Dyson Zone headband padding
Image Credit (Trusted Reviews)

Those with smaller heads may find that the size simply envelopes their heads but in light of the wealth of technology that Dyson has fitted into the earcups alone, it’s impressive they feel this comfortable at all.

You’ll notice on the earcups that there are perforated holes across the surface. These aren’t a sign of the headphones’ open-backed design (they are very much closed-back), but the holes needed to draw air in via the compressor motor, and then pass it on to the visor.

The visor is detachable and links up to the headphones through sheer magnetism – simply waft them towards the earcups and they’ll attach, while pulling them off doesn’t require much pressure at all. It can be extended or reduced to better fit your face and note that the visor doesn’t actually touch your face, it just sits in front of your mouth/nose.

Dyson Zone Media Day Reportage Imagery November 2022
“I was born in the darkness”

As soon as the visor is attached the motor starts running, a soft but noticeable whirring sound that’s quick to start and quick to stop when the visor is attached/detached. The earcup can be disassembled to reach the filter inside, which can lasts up to 12 months before it needs changing.

I used my phone to control music and volume but there is a power on/off button as well as button for playback and pause, the Zone keeps it simple on the operation front. A double tap in the centre of the left-hand earcup activates the transparency mode/ANC, the responsiveness of which is prompt enough when it works though sometimes it took a few tries. The sound of that ‘tap’ is more of ‘thunk’ now that I think about it.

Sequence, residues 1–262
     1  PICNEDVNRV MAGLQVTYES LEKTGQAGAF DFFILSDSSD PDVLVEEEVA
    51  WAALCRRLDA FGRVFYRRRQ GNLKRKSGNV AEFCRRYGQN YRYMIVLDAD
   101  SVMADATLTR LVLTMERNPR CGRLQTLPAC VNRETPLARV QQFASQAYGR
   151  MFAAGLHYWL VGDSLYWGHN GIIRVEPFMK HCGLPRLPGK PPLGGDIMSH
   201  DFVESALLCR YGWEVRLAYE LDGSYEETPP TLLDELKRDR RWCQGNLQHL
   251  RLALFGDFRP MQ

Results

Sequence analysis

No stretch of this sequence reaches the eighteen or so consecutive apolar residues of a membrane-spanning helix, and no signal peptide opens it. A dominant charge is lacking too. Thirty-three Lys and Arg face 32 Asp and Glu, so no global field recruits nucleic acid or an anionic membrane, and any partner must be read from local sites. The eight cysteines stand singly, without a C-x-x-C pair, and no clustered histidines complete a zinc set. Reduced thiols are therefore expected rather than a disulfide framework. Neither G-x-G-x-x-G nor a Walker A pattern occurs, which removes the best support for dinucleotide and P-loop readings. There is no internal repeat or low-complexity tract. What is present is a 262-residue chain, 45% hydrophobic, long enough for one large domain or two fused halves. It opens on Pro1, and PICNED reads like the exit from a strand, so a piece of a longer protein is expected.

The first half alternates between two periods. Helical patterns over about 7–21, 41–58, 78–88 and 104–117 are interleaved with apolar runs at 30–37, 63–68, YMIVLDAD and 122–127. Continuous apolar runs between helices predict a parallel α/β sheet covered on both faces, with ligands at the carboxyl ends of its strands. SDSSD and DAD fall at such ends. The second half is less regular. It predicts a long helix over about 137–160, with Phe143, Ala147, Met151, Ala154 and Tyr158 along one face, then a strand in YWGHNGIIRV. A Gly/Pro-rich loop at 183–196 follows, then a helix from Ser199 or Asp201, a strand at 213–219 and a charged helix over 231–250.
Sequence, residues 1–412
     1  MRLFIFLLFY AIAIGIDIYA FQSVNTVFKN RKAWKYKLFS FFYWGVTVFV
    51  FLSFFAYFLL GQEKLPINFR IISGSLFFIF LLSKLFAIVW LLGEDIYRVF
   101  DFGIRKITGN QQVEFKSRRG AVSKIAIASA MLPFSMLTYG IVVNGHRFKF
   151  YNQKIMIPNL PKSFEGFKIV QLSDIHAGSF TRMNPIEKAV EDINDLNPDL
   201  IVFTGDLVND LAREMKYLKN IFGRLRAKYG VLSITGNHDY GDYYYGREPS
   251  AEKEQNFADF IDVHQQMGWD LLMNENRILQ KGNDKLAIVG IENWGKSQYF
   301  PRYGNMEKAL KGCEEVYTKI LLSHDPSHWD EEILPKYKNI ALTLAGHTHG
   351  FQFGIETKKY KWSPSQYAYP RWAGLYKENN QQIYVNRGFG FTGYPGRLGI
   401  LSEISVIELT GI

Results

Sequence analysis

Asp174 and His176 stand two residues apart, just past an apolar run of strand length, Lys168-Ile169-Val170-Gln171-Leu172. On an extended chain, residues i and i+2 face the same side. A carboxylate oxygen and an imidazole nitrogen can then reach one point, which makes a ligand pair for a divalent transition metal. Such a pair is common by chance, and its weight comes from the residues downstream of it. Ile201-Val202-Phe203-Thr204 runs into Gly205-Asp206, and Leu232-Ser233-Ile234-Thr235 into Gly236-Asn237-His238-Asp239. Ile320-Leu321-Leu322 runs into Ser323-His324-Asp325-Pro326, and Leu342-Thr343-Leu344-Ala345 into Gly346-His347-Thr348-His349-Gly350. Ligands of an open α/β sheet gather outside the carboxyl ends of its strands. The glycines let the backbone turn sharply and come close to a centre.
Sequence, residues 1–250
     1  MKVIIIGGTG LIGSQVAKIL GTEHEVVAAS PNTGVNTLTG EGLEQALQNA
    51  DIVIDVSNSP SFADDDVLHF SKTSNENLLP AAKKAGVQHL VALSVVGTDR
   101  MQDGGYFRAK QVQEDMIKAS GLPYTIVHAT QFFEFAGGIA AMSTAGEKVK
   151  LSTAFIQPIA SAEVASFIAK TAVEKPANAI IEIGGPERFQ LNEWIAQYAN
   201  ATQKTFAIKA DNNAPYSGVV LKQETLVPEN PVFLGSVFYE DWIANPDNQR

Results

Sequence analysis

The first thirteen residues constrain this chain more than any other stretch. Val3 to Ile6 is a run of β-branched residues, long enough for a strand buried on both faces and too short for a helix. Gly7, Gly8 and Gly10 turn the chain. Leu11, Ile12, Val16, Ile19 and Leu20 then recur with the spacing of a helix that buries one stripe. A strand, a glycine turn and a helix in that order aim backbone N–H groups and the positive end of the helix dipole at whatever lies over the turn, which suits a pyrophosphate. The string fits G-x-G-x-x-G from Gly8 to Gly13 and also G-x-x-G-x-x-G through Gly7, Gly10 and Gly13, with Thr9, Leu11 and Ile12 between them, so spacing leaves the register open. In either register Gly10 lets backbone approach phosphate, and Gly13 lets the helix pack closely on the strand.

While the visor will draw comparison to Bane from The Dark Knight Rises – I also submit the Ant-Man helmet from the MCU films – there is a function to it that makes sense even if aesthetically it appears odd.

There’s a curious conflict as it’s patently weird to see a visor on a headphone but viewed from the perspective of an air filtration mask then it makes a fair amount of sense. Whether you look like a supervillain or a superhero, take these out in public and I imagine many people will be staring.

Dyson Zone quarter turn case
Image Credit (Trusted Reviews)

The headphones come in an array of colours such as Ultra Blue/Prussian Blue, Prussian Blue/Bright Copper and Satin Blue/Ultra Blue combinations. I find myself leaning towards the Satin Blue but the Prussian Blue version is a nice look too.